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Thursday, May 31, 2018

Book Note: As I Descended

Talley, Robin. As I Descended. New York: HarperTeen, 2016.

As I Descended is a young adult novel that is derivative of Macbeth. Its title comes from a question Macbeth asks not long after the murder of Duncan.

This version of the plot is set in an upper-crust boarding school with a history of ghosts and supernatural activity. Indeed, our Macbeth analogue is tempted into action when a Ouija board says "Usted conseguirá lo que más desea" (20)—you will have what you most desire.

The novel generally follows the plot of the play, but the characters have been changed along with the setting.  Our Macbeth and Lady Macbeth are Maria and Lily, a lesbian couple. Duncan is Delilah, the top student and soccer player. The Kingdom of Scotland is the college scholarship for which they're competing.

All in all, it's a compelling read, but it does take agency away from the characters and give it to a myriad of ghosts, figures from folklore, and other supernatural creepy things. Some sample pages follow.  Note: The extracts below are not appropriate for all readers.

The first encounter with the supernatural elements in the novel:

Maria starts to realize that the spirits are telling the truth:

Lily persuades Maria to put drugs in Delilah's glass so that she'll test positive on the upcoming drug test and lose her chance at playing on the soccer team or winning the scholarship:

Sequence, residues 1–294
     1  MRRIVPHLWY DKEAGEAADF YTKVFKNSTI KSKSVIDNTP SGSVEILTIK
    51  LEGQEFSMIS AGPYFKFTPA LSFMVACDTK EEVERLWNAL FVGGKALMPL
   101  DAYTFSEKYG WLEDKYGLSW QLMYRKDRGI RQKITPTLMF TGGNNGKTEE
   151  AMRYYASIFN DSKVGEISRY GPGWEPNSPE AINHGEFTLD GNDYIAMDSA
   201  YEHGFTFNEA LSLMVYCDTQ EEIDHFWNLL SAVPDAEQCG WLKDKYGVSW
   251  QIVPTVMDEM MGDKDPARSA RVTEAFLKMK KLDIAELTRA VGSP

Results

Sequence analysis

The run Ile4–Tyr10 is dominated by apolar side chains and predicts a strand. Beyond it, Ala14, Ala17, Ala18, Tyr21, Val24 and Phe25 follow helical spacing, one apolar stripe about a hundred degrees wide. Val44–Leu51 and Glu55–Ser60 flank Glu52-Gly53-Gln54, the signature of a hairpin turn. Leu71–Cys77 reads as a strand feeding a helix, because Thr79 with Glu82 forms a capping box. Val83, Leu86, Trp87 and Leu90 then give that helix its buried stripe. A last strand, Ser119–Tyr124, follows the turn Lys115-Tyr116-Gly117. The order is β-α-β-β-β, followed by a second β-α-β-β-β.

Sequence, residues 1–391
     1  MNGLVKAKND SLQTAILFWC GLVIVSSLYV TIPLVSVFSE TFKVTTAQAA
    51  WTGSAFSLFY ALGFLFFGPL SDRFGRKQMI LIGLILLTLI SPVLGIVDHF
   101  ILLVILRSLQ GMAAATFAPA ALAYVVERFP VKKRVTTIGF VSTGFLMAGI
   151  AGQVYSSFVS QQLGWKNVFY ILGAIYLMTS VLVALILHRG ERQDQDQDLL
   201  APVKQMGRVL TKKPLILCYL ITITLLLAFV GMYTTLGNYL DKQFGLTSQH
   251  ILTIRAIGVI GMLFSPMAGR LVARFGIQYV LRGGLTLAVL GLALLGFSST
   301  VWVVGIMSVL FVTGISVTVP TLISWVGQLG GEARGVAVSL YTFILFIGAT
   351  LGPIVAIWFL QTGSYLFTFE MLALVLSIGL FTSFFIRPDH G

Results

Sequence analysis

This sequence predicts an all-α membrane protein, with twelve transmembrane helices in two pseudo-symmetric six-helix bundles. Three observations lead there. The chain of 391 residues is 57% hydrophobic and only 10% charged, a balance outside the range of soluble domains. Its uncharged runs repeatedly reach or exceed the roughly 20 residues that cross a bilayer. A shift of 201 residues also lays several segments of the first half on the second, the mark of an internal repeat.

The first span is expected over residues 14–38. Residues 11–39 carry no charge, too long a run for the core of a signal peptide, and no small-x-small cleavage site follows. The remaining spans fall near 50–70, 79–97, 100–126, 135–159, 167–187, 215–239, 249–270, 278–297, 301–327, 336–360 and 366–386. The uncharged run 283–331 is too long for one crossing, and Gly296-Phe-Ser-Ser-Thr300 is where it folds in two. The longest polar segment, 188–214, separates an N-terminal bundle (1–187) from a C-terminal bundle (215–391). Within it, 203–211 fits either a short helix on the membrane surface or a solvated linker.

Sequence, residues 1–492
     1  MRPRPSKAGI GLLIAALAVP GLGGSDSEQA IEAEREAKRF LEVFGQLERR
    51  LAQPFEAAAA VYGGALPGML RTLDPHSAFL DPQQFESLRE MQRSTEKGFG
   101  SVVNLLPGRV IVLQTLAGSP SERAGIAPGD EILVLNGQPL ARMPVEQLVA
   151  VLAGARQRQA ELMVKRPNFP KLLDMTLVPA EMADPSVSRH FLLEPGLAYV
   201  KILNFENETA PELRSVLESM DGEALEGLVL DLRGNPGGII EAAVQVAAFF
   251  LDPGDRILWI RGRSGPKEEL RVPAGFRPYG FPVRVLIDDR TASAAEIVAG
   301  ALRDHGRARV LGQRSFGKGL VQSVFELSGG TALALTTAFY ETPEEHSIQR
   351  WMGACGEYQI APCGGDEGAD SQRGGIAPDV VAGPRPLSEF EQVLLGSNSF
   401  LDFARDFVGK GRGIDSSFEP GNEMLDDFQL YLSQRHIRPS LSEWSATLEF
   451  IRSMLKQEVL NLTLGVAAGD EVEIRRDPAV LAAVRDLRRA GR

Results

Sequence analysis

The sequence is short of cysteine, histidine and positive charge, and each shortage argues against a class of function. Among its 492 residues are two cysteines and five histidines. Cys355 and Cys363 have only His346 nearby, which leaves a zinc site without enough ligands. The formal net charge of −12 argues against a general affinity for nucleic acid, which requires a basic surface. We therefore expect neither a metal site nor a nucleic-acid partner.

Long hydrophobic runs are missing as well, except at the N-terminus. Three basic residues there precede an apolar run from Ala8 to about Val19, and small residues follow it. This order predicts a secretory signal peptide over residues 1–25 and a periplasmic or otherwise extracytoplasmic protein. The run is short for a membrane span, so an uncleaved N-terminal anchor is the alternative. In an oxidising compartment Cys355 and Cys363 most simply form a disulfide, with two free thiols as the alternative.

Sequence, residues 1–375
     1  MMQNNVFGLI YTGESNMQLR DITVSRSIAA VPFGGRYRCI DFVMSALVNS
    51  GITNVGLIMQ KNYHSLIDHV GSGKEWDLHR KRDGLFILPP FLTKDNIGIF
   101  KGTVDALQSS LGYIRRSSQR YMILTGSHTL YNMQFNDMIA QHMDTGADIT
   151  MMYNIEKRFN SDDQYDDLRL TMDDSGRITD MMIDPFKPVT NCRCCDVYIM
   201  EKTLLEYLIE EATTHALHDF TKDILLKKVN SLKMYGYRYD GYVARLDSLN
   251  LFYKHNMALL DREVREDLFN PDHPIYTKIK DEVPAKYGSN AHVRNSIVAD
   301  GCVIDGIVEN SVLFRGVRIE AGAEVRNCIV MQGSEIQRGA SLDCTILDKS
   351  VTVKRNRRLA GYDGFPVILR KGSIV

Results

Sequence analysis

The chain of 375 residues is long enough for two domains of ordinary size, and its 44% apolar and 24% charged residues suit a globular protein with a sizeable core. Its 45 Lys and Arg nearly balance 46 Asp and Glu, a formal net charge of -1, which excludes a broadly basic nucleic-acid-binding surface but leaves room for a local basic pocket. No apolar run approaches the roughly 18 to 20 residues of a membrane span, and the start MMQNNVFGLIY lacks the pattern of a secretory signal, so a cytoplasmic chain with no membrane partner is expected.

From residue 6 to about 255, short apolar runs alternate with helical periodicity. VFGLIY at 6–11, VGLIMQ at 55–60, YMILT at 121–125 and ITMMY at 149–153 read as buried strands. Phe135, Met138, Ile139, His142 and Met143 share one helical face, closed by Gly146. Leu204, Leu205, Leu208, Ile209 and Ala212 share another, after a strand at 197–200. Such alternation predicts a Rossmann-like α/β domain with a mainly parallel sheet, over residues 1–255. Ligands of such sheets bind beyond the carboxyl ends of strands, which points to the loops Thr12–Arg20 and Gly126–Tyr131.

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Wednesday, May 30, 2018

Book Note: Exit, Pursued by a Bear

Johnson. E. K. Exit, Pursued by a Bear. New York: Speak, 2017.

In Exit, Pursued by a Bear, we're off to cheerleading camp for a Winter's Tale retelling—for the first part of the book.

Hermione and Leo have been a couple, but he's starting to become jealous—and not just of her and other guys. He's also jealous of her ideas and her cheerleading performance.

But things suddenly change.

Then, during a fireside camp activity, Hermione is administered a "date rape" drug and is raped. She wakes up in the hospital, uncertain of what happened or who did it. The rest of the novel addresses the aftermath—including determining who was responsible and how he did it.

The novel deals with those deep issues in a sophisticated way, not pulling any punches with the serious nature of the crime and its consequences.

It's not exactly my cup of tea, and it does deviate from Shakespeare's plot after following it for a while, but it's an interesting novel that opens doors for conversation.

Here's an extract from relatively early in the novel so you can get a feel for it.

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Tuesday, May 29, 2018

Book Note: New Boy

Chevalier, Tracy. New Boy. London: Hogarth Shakespeare, 2017.

Hang on tight, everyone, this may take a while. This will be a roundabout way of talking about Tracy Chevalier's New Boy, but it's one way of getting my point across.

Have you heard the music of Alison Krauss? She's astonishing. She's won twenty-seven Grammy awards—twenty-seven!—and she's recorded tons of amazing music. She's even released an album with Robert Plant of Led Zeppelin fame.